Today, Congressman Bill Cassidy, M.D. (R-LA) introduced the Patient Access to Drugs in Shortage Act (HR 6611). He introduced the bill with Congressmen Andy Harris (R-MD), Mike Rogers (R-MI), Tom Rooney (R-FL) and Dan Benishek (R-MI).
This legislation would resolve America's severe shortage of many life-saving drugs. Currently, the artificially low Medicare reimbursement rate for generic sterile injectable drugs discourages their production. The bill would increase production by pegging the reimbursement rate to a figure which accurately reflects the value of those drugs. Additionally, the bill includes a special provision for when a drug is in short supply by incentivizing brand name drug manufacturers to enter and stabilize the market.
"We hear from patients, doctors and hospitals that every day, shortages of cancer chemotherapy medicines and other drugs affect a patient's treatment. This legislation adjusts how Medicare pays for medicine so as to decrease the risk of a drug shortage. said Congressman Cassidy. "It is good for everyone. Patients are more likely to have their life saving drugs. Medicare saves money by eliminating the need to substitute much more expensive medicines for inexpensive generics. Doctors and hospitals, which currently spend a lot of resources dealing with drug shortages, can focus on better care for patients with less hassle and expense."
"As a doctor who has treated patients for nearly 30 years, I am proud to support this important legislation to prevent drug shortages in this nation. During my first term in Congress, both citizens in Northern Michigan and my former colleagues have expressed their concerns about pending drug shortages and their impact on the ability to treat patients. I want to thank Rep. Bill Cassidy for his leadership on this issue and his efforts to propose a comprehensive solution," said Rep. Dan Benishek, a general surgeon from Michigan's Upper Peninsula.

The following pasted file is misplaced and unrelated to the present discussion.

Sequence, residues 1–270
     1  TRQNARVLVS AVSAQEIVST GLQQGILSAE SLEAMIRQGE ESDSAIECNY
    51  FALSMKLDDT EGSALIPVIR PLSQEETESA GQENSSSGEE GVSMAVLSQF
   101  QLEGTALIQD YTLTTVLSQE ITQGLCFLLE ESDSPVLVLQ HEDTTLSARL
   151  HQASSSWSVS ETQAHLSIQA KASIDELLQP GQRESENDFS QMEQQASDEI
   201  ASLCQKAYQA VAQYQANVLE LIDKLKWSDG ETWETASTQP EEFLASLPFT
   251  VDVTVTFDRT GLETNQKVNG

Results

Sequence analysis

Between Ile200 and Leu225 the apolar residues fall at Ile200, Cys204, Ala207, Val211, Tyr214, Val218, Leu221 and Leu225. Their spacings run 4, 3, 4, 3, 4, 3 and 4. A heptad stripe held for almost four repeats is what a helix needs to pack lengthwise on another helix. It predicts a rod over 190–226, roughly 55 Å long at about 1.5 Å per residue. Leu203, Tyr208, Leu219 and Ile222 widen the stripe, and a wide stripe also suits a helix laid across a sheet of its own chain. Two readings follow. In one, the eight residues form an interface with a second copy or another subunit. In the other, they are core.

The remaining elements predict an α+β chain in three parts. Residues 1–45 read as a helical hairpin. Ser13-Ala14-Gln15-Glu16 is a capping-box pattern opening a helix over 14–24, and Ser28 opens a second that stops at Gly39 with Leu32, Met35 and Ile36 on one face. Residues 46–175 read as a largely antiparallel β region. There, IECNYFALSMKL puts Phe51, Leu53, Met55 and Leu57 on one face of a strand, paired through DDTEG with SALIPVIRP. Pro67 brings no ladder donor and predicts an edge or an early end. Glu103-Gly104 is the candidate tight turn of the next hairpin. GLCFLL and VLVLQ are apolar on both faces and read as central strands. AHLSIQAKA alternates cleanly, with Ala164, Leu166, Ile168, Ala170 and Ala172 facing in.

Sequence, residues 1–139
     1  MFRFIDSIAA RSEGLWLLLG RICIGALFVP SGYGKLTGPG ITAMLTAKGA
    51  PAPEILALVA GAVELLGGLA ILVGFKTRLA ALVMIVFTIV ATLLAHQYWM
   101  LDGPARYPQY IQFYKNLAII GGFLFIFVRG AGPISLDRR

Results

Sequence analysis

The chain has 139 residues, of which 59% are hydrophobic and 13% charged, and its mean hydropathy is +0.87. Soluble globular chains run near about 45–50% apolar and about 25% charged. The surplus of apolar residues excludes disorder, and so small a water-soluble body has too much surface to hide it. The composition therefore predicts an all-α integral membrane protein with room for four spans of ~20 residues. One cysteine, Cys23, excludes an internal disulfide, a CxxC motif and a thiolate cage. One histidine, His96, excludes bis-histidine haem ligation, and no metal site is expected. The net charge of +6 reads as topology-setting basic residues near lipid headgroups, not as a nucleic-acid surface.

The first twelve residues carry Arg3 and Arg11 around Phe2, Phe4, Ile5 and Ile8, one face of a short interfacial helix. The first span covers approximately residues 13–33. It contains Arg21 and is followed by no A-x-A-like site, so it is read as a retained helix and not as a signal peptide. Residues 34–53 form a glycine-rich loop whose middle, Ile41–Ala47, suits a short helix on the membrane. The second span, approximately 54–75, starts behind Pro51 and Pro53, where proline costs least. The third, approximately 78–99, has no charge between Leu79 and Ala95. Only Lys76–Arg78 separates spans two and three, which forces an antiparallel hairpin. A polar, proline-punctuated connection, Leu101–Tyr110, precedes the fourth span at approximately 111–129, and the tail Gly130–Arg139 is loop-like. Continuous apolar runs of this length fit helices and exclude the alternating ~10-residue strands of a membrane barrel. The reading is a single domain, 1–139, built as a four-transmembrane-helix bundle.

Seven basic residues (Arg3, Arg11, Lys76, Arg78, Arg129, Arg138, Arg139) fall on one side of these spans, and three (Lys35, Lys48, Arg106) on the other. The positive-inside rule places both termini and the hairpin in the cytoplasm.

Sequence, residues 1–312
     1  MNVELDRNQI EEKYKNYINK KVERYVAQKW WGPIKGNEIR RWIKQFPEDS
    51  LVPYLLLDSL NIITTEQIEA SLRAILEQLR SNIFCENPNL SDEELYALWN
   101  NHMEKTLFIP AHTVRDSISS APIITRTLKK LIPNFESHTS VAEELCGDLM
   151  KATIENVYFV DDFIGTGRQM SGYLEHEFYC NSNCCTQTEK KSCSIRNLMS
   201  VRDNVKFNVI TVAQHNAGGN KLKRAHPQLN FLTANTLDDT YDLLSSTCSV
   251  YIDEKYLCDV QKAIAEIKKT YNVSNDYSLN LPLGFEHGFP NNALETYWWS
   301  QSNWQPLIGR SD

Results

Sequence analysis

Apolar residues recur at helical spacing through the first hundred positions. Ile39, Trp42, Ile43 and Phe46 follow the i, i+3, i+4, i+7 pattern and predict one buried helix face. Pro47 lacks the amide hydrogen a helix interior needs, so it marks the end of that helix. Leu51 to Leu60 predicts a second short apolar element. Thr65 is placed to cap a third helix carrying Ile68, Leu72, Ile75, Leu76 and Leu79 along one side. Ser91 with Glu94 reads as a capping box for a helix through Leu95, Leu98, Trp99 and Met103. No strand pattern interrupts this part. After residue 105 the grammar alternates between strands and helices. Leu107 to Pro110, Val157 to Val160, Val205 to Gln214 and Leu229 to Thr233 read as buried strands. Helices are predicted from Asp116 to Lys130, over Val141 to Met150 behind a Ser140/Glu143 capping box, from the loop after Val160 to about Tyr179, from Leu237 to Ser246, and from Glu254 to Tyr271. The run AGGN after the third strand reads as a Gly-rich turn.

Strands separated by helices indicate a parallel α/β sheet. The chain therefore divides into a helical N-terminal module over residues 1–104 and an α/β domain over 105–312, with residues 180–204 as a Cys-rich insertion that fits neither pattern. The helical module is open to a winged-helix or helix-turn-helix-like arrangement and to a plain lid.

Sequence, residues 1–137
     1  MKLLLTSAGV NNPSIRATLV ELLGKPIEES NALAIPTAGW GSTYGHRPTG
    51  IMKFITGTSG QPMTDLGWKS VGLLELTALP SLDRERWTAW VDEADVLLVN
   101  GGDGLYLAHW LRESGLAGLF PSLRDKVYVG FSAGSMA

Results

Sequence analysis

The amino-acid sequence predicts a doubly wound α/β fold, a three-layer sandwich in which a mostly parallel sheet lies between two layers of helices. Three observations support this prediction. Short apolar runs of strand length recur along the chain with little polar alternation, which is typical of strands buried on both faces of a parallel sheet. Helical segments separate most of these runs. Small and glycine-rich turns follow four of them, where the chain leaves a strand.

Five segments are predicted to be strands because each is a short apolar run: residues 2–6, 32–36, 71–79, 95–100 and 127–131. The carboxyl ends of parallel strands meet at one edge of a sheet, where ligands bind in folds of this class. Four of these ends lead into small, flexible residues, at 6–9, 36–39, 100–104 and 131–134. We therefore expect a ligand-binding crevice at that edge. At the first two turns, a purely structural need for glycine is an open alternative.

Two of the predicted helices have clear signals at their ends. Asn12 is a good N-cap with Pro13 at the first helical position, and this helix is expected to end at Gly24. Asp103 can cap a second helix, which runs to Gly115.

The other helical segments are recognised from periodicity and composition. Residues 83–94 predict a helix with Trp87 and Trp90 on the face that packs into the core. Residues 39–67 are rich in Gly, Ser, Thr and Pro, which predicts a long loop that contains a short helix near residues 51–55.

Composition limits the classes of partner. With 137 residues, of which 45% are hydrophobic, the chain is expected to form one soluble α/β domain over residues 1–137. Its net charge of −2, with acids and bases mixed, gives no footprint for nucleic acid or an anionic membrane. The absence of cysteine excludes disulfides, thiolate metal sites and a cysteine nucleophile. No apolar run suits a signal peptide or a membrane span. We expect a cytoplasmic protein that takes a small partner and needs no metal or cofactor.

"As a physician, there is nothing more frustrating than not having access to a drug a patient desperately needs," said Congressman Harris. "This legislation will improve the care patients receive by alleviating some of the drug shortages that have become all too prevalent."
"As a cancer survivor, I know that timely access to treatment can mean the difference between life and death for patients," said Congressman Rogers, who represents Michigan's Eighth Congressional District and is a senior member of the House Energy and Commerce Committee. "Today cancer patients are still suffering unacceptable delays and shortages for critical oncology drugs. This legislation will help to ensure that more of these life-savings drugs are quickly available to patients who need them."
"I began working on the drug shortage issue nearly two years ago after meeting with doctors and hospital administrators in my district, who warned me that they faced shortages of critical, life-saving medicines," said Congressman Rooney. "We took an important step to reduce shortages and save lives last year by passing a bipartisan bill I introduced with Rep. Diana DeGette (D-CO) that gives the FDA, doctors and pharmacists more tools to identify, respond to and prepare for drug shortages. Now, we need to take the next step and help prevent shortages from occurring in the first place."
Attachments to this release include an overview of the bill, a Frequently Asked Questions document and a letter to House colleagues from Congressman Cassidy asking for their support. Additionally, a copy of Congressman Cassidy's Wall Street Journal op-ed Not Enough Cancer Drugs, Too Many Price Controls with Dr. Patrick Cobb, and support letters from the National Patient Advocate Foundation, Community Oncology Alliance and AmerisourceBergen Specialty Group, are attached.